Mike Krass: Very cool. Very cool. Well, so I know there's a topic that you want to dive into with our listeners. And in my words, we’re really talking about the role of Product Marketing as a Sherpa within a security organization or a networking organization. And so here's a couple of questions just to get us started. What role does Product Marketing play in orchestrating connections between customers? And say, a vendor or a product based company? How do you, as a product marketer, how do you connect with customers? And last but not least, how do you get…How do you connect with your fellow colleagues? You're probably working with engineering, product, demand and customer side, customer support, customer service. So a lot of questions there. Why don't we just start the first one, which is, in your opinion, in your experience, what role does Product Marketing play in orchestrating connections with customers?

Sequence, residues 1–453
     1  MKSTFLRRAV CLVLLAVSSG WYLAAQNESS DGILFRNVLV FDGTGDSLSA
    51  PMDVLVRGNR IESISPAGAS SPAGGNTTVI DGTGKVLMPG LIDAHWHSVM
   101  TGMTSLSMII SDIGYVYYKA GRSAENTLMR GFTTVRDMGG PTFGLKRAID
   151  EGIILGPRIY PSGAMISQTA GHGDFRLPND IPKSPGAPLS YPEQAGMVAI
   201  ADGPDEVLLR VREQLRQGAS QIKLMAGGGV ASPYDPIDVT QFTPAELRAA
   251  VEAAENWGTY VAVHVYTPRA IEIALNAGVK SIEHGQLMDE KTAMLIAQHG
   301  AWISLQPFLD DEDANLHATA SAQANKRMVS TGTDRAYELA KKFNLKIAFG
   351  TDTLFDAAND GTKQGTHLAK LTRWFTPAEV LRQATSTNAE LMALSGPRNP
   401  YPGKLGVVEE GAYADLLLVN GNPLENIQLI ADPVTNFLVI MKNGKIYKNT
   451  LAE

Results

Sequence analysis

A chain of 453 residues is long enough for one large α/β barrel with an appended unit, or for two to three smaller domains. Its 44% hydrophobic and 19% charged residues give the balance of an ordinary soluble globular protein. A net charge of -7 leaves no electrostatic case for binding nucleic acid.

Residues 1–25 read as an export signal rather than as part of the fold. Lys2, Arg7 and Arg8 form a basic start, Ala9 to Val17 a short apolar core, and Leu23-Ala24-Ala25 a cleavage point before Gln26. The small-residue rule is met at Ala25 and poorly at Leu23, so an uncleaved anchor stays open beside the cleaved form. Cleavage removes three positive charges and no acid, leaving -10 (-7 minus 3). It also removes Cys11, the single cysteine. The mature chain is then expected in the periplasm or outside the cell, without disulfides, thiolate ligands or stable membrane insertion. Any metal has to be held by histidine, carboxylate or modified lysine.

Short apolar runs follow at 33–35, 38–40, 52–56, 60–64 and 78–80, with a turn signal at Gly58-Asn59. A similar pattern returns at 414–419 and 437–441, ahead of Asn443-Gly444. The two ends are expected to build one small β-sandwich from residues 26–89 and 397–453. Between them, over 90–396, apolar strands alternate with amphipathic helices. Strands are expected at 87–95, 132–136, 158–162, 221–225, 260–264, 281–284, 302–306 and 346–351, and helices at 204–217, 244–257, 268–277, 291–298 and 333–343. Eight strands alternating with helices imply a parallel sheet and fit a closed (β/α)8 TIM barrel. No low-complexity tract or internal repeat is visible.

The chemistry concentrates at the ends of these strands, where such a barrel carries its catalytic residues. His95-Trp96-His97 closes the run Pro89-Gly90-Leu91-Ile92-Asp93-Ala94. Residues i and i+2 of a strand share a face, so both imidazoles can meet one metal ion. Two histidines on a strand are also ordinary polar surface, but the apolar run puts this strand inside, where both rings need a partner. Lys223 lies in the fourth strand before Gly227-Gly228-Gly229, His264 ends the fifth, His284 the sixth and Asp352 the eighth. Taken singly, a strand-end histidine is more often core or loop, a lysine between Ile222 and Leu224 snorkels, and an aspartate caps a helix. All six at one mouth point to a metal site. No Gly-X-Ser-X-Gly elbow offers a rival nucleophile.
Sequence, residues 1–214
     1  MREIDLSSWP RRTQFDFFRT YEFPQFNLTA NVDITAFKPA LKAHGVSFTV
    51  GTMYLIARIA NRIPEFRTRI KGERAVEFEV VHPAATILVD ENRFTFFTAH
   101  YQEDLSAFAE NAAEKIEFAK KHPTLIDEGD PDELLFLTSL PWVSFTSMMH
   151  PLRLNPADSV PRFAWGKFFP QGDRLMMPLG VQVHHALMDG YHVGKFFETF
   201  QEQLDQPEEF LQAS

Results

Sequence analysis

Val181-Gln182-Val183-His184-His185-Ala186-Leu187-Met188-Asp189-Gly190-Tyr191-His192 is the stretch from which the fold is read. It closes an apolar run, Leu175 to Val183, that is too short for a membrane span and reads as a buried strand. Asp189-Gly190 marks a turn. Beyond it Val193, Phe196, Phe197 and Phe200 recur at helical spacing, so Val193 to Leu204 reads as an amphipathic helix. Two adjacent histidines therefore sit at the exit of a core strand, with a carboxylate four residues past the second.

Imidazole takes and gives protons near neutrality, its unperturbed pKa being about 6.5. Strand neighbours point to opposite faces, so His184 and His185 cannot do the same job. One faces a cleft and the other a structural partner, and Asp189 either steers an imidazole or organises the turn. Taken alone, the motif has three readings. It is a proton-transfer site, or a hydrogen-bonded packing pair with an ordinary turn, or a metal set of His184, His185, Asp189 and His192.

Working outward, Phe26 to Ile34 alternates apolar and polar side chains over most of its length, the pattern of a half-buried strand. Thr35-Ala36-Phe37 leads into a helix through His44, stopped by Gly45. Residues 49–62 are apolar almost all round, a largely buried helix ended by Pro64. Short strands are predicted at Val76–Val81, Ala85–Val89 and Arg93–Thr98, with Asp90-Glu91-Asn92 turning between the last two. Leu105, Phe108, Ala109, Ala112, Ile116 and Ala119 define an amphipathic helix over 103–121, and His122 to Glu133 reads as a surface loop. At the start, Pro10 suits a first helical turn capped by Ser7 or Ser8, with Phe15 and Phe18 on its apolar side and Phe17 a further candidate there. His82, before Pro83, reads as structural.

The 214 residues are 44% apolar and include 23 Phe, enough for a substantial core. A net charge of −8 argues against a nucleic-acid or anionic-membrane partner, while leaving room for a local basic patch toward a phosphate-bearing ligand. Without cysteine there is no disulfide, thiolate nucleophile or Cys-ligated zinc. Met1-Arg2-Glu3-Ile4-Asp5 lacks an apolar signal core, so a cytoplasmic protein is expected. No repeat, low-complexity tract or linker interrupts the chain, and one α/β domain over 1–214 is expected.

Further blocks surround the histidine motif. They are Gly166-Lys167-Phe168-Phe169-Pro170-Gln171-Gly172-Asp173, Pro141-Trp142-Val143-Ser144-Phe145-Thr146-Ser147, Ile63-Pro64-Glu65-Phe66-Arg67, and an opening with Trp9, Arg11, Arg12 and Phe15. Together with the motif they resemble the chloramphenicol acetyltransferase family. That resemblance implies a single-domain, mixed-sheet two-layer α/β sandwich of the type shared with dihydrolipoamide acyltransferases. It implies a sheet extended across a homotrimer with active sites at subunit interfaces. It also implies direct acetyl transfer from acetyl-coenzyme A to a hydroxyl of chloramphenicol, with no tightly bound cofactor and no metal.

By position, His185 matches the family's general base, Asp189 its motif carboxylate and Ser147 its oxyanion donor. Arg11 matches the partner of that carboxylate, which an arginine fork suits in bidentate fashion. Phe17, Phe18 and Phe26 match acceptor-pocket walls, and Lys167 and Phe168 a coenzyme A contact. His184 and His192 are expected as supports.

Salah Nassar: Yeah. That's a fantastic question. I'm gonna back up a little bit and just explain. Product marketing is a function of product management. So early in my career, and this is the reason I got into product marketing, is in smaller companies in many companies today, not even smaller companies see the function of hey, you're a product manager. Your job is to, for example, understand what are the industry trends and create the features, functions, product, package it up, and get it to that customer to solve those pain points based on these trends. And make us a profit and make us competitive, etc. Now what does that entail once you break it down? Well, that entails 1:I need to understand what is that feature function. Then write a PRD, some sort of a product requirement document that spells out what we need to create. Then you operationalize engineering. Most of the time engineering will tell you they have a solution. And you figure out how to get the best product out, based on whatever your goal is. Maybe it's timing, maybe it's price, maybe it's function. Now, that's one half of the product. The other half of the product is hey, I need to get this out into the market. Well my marketing team needs to be aligned on the importance and the need for this. What is the importance of the needs? So someone has to work with marketing and fine tune, turn that into customer language, put that on websites, turn it into marketing campaigns. From a sales perspective, well, your sales team needs to know how to have this conversation with their customer. Is this pain point that you're solving for actually keeping your customer up at night? And when I say sales, man that gets complex fast. Because what is sales? Is sales your inside sales guy? Is sales your customer support guy? Is it the account manager who's knocking at the door? Is it your systems engineer thats solving problems? And the reality is it's all of them. We all, as a company, need to know what we're helping solve for our customer. And regardless of who you're talking to at your customer site, which is another complexity, how do you connect with them and give them that value that your company is solving for? So product marketing, depending on the complexity, sometimes that role is split in two. The inbound product manager you hear and the outbound product manager. Well, product marketing and outbound product management are sometimes synonymous.